Getting plenty of exercise as a teenager could reduce the risk of type 2 diabetes during adulthood, according to new research.
The study, conducted by researchers from the University of Exeter, found that physical activity during early teenage years is an effective way to prevent insulin resistance, a major risk factor for type 2 diabetes, and the benefits last a lifetime.
However, the benefits were tied specifically to the early years of adolescence. 13 year olds who got a lot of exercise saw a significant reduction in their risk of insulin resistance; 16 year olds did not.
The researchers stressed that exercising at all ages is still important. People over the age of 13 can still reduce their risk of insulin resistance through exercise, along with many other benefits. The research only suggested that people in their early teenage years should be specifically targeted, because the benefits of their exercise can last for years.
The study was conducted on 300 children, who were following through the ages of nine to 16. In the more active 13 year olds, insulin resistance was, on average, 17 per cent lower. Over the next three years, the benefits of exercise on insulin resistance were much lower.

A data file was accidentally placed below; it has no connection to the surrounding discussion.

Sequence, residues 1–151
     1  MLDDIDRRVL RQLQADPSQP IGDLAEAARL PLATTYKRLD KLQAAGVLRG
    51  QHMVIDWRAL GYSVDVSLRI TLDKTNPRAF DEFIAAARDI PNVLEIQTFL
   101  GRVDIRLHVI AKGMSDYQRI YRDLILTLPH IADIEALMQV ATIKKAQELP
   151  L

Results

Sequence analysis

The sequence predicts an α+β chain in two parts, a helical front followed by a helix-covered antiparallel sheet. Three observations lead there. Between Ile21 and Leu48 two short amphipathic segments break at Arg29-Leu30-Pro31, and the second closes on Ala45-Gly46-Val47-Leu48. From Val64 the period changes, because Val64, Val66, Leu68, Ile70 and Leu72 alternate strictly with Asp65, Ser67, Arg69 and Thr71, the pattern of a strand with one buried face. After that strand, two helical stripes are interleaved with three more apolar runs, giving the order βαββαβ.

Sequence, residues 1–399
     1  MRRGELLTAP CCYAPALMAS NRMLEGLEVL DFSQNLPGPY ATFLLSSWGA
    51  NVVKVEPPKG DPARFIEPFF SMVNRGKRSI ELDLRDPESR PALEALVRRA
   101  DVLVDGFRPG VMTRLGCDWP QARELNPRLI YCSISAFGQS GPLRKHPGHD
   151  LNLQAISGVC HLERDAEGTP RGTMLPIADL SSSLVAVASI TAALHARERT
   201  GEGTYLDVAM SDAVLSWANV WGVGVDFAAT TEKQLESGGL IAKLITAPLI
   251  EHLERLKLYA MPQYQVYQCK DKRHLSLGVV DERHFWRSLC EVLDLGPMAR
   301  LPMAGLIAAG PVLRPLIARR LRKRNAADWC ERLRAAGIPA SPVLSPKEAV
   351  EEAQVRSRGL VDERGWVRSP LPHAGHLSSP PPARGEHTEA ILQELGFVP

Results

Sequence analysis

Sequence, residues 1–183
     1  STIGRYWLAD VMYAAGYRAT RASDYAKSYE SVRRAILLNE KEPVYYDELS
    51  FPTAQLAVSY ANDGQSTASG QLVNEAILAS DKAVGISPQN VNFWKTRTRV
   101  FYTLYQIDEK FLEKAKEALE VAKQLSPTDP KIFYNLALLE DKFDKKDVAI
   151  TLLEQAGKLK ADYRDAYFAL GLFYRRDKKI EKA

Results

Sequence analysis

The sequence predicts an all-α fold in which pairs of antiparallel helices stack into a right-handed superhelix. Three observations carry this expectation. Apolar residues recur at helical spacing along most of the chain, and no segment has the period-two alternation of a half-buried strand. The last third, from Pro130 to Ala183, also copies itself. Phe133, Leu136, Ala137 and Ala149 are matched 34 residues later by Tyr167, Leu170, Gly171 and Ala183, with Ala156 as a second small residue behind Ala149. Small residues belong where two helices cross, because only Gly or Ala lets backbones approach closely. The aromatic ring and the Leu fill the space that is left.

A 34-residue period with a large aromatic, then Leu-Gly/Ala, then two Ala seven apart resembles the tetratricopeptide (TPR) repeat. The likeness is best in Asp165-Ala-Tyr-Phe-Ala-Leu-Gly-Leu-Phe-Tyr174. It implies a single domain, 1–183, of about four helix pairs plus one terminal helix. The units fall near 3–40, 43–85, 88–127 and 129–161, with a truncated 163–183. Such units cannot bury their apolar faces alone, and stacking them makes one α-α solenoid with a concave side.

“Insulin resistance rises dramatically from age nine to 13 years, then falls to the same extent until 16,” said Dr. Brad Metcalf, of the University of Exeter’s School of Sport and Health Science.
“Our study found that physical activity reduced this early-teenage peak in insulin resistance but had no impact at age 16.
“A reduction in this peak could lessen the demand on the cells that produce insulin during this critical period, which may preserve them for longer in later life.
“We are not saying that 16-year-olds don’t need to be physically active, there are other health benefits to be gained from being active at all ages.”
The findings were published in Diabetologia.

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